Arguably, the Berlin West African Conference of 1884-1885 also contributed to instability in modern-day Sierra Leone by fueling ethnic clashes. This conference divided the African continent among the great powers of Europe in a diplomatic manner that avoided armed conflict over any potentially disputed territories in distant locations. Over 110 million Africans came under European rule in less than 20 years. This chaotic way of separating the continent contributed to lasting instability as natural ethnic groupings were divided by imposed boundaries. In Sierra Leone, instability manifested itself by pitting the Creole elites against indigenous peoples, as well as the Mendes of the southern portions of the country against the Temnes of the north. Resulting ethnic clashes and the exploitation of natural resources by Prime Minister Siaka Stevens (1967-1971) contributed heavily to internal conflict and instability over the next 50 years.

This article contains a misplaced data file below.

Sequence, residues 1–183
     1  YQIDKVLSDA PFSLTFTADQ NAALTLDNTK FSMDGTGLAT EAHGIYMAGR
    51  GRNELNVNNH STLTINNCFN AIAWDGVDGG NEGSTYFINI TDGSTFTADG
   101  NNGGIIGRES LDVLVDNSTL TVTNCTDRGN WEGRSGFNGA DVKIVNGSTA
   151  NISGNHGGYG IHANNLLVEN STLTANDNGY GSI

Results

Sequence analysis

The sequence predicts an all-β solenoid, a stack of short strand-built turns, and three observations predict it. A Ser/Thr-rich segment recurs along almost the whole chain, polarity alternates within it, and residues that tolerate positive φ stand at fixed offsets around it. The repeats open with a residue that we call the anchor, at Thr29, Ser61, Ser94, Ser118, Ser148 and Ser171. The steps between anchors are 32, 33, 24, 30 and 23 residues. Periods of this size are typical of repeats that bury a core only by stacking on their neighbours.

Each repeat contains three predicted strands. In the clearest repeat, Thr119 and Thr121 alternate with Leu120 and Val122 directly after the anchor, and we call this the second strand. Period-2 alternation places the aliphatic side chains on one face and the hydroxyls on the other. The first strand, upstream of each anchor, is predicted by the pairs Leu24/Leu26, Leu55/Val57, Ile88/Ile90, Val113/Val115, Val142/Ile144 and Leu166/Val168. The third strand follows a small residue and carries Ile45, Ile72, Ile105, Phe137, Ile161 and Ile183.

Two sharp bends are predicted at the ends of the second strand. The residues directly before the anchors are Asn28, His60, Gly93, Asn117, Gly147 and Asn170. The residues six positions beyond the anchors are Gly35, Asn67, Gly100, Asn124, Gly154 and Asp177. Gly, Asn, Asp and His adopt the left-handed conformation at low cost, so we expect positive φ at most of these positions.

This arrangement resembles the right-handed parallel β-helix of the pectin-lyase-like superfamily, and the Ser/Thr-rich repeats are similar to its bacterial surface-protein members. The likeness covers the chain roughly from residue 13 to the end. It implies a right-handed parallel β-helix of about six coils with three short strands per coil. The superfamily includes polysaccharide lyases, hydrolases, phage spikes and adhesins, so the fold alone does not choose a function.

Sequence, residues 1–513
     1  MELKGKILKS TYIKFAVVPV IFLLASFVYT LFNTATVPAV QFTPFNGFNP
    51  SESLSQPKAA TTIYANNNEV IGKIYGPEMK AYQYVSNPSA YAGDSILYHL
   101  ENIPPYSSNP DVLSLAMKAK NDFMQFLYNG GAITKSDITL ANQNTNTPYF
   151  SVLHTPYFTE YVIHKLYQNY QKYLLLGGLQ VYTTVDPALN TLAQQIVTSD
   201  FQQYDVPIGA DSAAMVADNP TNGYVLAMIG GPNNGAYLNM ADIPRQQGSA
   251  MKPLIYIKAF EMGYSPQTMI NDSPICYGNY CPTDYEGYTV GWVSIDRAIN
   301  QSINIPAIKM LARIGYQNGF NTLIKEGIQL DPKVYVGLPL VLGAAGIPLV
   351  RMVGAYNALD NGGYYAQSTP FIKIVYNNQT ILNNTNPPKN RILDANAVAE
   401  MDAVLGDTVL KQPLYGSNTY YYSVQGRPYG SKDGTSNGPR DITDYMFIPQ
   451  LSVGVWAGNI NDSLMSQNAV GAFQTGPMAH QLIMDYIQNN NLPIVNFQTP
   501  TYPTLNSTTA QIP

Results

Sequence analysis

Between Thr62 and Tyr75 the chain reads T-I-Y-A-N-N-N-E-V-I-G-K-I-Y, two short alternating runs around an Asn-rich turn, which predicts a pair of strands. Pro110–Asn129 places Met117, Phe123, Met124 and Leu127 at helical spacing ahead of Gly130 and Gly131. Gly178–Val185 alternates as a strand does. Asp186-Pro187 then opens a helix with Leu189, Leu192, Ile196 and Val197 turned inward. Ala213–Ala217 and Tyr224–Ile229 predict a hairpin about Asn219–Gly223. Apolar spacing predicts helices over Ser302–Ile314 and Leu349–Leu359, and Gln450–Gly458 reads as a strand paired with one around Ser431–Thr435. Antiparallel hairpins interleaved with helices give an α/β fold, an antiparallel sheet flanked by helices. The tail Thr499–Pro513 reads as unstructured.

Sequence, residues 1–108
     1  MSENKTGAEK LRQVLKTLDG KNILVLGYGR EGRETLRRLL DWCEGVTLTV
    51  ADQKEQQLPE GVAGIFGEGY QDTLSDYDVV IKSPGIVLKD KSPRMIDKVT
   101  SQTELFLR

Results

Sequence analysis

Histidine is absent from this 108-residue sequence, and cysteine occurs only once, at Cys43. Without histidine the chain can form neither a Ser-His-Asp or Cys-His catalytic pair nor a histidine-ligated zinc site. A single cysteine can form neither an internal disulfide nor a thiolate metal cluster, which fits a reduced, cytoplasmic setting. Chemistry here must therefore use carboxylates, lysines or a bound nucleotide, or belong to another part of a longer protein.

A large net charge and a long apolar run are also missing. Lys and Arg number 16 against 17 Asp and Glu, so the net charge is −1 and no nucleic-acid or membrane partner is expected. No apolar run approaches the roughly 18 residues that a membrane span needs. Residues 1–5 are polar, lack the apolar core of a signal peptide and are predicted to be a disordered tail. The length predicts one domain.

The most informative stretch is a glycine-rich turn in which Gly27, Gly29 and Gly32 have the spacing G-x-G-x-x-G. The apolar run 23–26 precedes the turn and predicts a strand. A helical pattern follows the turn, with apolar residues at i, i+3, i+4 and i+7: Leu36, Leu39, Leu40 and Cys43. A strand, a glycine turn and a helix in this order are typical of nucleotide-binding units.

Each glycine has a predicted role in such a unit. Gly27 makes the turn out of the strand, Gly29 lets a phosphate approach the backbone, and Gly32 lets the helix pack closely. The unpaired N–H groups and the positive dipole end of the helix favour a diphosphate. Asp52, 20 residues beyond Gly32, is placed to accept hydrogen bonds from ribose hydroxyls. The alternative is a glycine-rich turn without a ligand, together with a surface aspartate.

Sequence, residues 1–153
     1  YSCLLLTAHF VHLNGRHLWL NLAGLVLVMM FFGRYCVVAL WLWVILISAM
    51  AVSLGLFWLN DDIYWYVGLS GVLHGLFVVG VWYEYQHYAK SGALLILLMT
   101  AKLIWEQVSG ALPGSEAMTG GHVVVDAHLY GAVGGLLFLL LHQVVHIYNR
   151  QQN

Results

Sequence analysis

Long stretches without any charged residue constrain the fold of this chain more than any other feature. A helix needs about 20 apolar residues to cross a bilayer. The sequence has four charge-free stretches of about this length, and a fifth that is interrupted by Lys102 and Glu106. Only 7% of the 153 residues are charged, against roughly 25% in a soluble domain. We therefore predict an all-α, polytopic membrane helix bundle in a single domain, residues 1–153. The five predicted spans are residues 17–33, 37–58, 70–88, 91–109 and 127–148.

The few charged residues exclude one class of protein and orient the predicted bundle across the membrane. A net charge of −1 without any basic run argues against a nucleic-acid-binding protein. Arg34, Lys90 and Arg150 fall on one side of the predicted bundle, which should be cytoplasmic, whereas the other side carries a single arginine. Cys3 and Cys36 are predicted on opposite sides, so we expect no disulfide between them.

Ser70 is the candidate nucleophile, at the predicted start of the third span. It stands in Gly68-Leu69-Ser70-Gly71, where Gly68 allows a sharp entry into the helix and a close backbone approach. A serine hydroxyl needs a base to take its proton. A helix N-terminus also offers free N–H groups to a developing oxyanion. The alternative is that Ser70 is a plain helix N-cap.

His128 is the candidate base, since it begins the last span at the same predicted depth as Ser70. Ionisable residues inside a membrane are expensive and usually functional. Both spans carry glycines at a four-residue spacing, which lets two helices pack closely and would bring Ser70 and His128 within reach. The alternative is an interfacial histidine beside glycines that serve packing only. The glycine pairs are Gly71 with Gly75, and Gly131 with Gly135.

Finally, the colonial period in Sierra Leone incentivized patronage politics. The modern government must have an incentive to overcome this legacy. Great Britain managed its colony by empowering local elites to “…sustain the imperial administration’s authority over the masses.” In Sierra Leone, Sir Milton Augustus Strieby Margai was the chosen elite. As Prime Minister, Margai learned the autocratic political system of imperial rule, and he was left with extraordinary power upon the swift exit of the Europeans from their colonial holdings in the mid-twentieth century.